May 20, 2013 — In softcover nonfiction, Jenny Rosenstrach examines dinnertime, Kate Summerscale recounts a scandalous Victorian trial, and John Dramani Mahama looks back on his childhood in Ghana. In fiction, Victor Davis Hanson reimagines an ancient battle, and Marie NDiaye follows three women from Senegal to Europe.
Aug 30, 2012 — Novelist Bernard Cornwell returns to Saxon England while Libyan writer Hisham Matar delivers a tale of loss and Madeline Miller's debut reimagines The Iliad. In nonfiction, Sally Jacobs examines Obama's father, and Jim Steinmeyer recalls a magician who rivaled Houdini.
Oct 17, 2011 — While films have popularized some of the most important battles of ancient Greece, one of the most stunning military victories of all time, the Battle of Leuktra, has remained shrouded in mystery. In his first work of historical fiction, historian Victor Davis Hanson re-imagines the epic defeat.
Oct 10, 2011 — Homage to the Iliad lingers in literature even today, but most retellings do not live up to the grandeur of their ancient ancestor. Author Dawn Tripp recommends a rare find that does measure up — the haunting Homeric novel Ransom, by David Malouf.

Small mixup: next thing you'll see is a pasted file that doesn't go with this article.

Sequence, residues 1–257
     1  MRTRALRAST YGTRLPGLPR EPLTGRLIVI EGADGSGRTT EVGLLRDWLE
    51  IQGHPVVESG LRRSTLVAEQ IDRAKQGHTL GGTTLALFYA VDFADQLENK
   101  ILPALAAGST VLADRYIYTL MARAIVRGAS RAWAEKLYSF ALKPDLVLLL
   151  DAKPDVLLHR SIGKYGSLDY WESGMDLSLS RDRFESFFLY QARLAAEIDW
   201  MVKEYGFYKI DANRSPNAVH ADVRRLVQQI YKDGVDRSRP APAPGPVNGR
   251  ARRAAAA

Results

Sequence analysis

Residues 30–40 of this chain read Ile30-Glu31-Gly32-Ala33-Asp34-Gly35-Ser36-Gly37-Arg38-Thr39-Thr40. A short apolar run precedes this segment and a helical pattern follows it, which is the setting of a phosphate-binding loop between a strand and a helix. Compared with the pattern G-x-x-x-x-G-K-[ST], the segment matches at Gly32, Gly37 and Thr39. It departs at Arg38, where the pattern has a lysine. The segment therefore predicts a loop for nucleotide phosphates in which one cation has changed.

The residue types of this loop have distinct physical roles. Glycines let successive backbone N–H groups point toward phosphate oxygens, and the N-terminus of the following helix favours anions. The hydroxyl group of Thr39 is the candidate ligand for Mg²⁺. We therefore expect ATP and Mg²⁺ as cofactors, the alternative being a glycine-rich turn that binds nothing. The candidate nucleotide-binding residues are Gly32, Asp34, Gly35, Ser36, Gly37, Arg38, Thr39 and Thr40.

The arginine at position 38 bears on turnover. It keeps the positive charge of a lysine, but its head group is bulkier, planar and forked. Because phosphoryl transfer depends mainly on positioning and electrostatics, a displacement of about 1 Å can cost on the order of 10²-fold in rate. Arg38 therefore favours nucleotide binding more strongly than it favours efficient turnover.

Sep 1, 2011 — To crime writer Petros Markaris, the Athens of today is both a peaceful Balkan haven and a symbol of the ugliness of modern, corrupt societies. In his detective novels, Markaris takes on the financial and social crises sweeping Greece.
Aug 17, 2011 — NPR coverage of Che Committed Suicide by Petros Markaris. News, author interviews, critics' picks and more.
Jul 17, 2011 — NPR coverage of The Histories by Herodotus. News, author interviews, critics' picks and more.
Jul 14, 2011 — NPR coverage of Spies of the Balkans by Alan Furst. News, author interviews, critics' picks and more.
Jun 16, 2011 — Jane Smiley, Carl Hiaasen, James Lee Burke and Alan Furst all return with novels in which the characters gradually awaken to the toxicity of their choices, while in nonfiction, Sonia Shah looks at how malaria has ruled humankind for 500,000 years.
Apr 25, 2011 — Military historian Jim Lacey says the battle of Marathon, where the vastly outnumbered Greeks defeated the Persian army, had a profound impact on Western civilization, and opened an East-West political and cultural divide that shaped the ancient and modern worlds.